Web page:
By Chris Meehan | Mar 23, 2015
Salt Lake City
Salt Lake City
Publicly traded (NASDAQ: BDE)
With longtime CEO Peter Metcalf stepping down, VP of Manufacturing Wim de Jager steers a reshoring effort to maintain the climbing titan's anchors atop the outdoor market.
Last year, Salt Lake City's Black Diamond Equipment announced that it was making a strategic "pivot" and was, among other things, bringing manufacturing of climbing equipment back to its headquarters.
"The reshoring of manufacturing is something we've been working on behind the scenes for the last three years," says Black Diamond Vice President of Manufacturing Wim de Jager. He anticipates that most of the company's climbing hard goods -- things like carabiners, rappel devices, ice axes and more -- will be made in the U.S. by August 2015.
"It is the first stepping stone to becoming vertically integrated and having everything under one roof. We're starting to work on efficiencies and automation and other things so that for the next decade we are set up for success," de Jager says.
Along with the pivot toward local manufacturing, the company appointed Zeena Freeman as its new president last August. Freeman, formerly an executive with Sony and Gap, is expected to succeed Metcalf as CEO this summer.
Regardless who's serving as CEO, de Jager says he doesn't anticipate a big change in the company's product portfolio. "How we approach in the market and how we position ourselves -- there she will have the most impact," he says. "We are all climbers, skiers, mountaineers. We are very intimate with the sports. We know how we can move the brand forward in terms of product innovations. In terms of marketing and sales and how we approach new markets, she has a lot of experience that we can benefit from."
Reshoring offers some serious payoffs. "One of the bigger benefits as well is the proximity of research and development and manufacturing all under the same roof. If you have ideas about what you want to innovate and the material you want to work with, it is very beneficial to have manufacturing operations directly at your fingertips."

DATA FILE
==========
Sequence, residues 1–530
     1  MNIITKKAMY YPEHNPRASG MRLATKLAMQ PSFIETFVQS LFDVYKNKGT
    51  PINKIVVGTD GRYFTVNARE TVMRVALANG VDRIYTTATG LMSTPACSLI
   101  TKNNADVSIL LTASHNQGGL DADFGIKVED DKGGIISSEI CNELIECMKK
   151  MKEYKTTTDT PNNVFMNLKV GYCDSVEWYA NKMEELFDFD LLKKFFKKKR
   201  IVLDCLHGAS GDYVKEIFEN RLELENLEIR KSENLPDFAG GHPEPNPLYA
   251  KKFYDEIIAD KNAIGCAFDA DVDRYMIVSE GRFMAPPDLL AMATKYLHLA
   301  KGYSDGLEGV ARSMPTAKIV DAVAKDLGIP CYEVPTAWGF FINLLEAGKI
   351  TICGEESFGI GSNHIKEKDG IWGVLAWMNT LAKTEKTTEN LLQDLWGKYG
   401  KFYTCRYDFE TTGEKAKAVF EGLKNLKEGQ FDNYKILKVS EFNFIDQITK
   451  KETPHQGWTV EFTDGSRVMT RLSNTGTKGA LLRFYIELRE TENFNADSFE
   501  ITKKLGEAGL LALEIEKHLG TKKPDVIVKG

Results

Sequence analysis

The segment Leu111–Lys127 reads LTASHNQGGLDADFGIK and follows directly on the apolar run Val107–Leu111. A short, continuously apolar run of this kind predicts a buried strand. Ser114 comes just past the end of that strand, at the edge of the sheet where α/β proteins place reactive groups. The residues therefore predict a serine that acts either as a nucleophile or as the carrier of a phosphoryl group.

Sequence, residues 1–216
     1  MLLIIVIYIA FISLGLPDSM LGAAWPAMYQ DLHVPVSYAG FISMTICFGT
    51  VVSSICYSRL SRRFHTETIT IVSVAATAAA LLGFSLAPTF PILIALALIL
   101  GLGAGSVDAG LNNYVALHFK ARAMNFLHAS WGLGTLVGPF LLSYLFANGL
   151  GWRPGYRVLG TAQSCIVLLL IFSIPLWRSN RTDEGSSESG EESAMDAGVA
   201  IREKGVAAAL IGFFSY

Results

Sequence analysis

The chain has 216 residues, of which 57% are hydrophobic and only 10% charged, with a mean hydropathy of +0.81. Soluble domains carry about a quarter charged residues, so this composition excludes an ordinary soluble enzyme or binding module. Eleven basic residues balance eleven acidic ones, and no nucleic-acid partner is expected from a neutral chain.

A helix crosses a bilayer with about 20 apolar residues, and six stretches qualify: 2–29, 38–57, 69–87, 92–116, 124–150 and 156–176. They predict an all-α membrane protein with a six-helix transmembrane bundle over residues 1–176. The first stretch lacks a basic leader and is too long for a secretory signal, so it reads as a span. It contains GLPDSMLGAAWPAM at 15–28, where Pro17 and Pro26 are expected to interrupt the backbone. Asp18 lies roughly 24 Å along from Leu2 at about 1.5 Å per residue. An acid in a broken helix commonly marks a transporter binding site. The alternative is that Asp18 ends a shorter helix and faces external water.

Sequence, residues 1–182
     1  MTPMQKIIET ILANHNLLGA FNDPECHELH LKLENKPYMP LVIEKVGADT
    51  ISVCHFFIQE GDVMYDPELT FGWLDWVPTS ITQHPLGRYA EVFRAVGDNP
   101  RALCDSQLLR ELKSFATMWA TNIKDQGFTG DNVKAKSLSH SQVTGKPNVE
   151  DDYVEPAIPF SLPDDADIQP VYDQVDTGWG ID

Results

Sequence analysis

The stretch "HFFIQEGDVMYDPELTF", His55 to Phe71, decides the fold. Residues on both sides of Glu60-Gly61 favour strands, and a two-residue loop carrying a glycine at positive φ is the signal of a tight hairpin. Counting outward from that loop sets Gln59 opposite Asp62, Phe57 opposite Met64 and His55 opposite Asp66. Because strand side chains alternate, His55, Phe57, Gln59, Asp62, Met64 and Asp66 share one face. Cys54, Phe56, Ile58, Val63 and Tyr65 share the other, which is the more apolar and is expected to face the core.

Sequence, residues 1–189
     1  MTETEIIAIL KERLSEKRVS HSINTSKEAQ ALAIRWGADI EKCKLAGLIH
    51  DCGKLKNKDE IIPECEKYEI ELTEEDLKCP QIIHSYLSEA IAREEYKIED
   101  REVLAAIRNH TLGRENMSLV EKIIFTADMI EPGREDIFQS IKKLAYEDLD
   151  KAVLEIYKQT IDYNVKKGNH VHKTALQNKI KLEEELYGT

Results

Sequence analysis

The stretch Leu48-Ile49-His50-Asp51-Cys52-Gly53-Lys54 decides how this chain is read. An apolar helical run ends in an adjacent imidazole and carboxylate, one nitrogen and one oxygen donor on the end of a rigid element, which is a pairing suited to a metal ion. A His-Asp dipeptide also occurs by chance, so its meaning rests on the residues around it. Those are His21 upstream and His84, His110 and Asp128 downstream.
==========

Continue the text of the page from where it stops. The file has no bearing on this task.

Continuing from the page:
Adds de Jager: "If you have production going on 5,000 miles away, it's hard to get to and it takes much more time to innovate. We will improve our innovation to market cycle quite a bit by having everything under one roof here. One of the things we recognize is that using, designing engineering and building equipment is of strategic importance to us."
As an outdoor company, Black Diamond also benefits from having Utah as its headquarters. The location helps the company recruit and keep the talent needed to innovate and build the its products, says de Jager, pointing at the Wasatch range,. "Our test facility is just around the corner and it's awesome!"
Black Diamond's soft goods manufacturing, things like clothing and backpacks, will still be made overseas. "Soft goods is such a commodity and there's such a highly specialized blend of suppliers," de Jager explains. "It would not be profitable and nor feasible" to move that manufacturing to the U.S. The economy of scale is what makes it possible."
Black Diamond has optimized operations in China prior to bringing manufacturing back. "We've worked to reduce the amount of labor that we need in manufacturing operations and we've been able to reduce the amount of floor space that we need for manufacturing the goods there," de Jager says. "We've been doing the same in Salt Lake as well. We've reduced the space needed for operations by about 40 percent." That's allowed the company to fit all of its manufacturing equipment in the same space without needing to expand it.
The efficiencies that the company was able to achieve are also essential to the strategy of reshoring manufacturing. "It would be insane to manufacture the same way we produced here before we moved to Asia," de Jager contends. "Business-wise, it was not affordable." In Asia, he adds, "we have a whole supply chain based around the factory in China, and in Asia as well, that supplies service and some parts."
That strategy dovetails into finding sources locally in Utah. "If you buy down in the Valley, it might be a little more expensive, but we don't have to worry about lead time. We can have smaller quantities and the whole thing becomes much more responsive," de Jager says."We can buy parts and components from China, but that still won't deliver the efficiency that we are looking for."
Challenges: "The challenge is to find the right balance, innovate or become sustainable and efficient," de Jager says. "Innovation is a driver and efficiency is a sustainer."
Opportunities: "Climbing is more popular than it ever was before. Climbing gyms are appearing in all kinds of cities the growth rate there is pretty significant," de Jager says. "The snow safety market is an opportunity for us as well as more people start skiing outside the lines."
Needs: Human resources, "We are expanding and that's a challenge for us, as unemployment is low," de Jager says.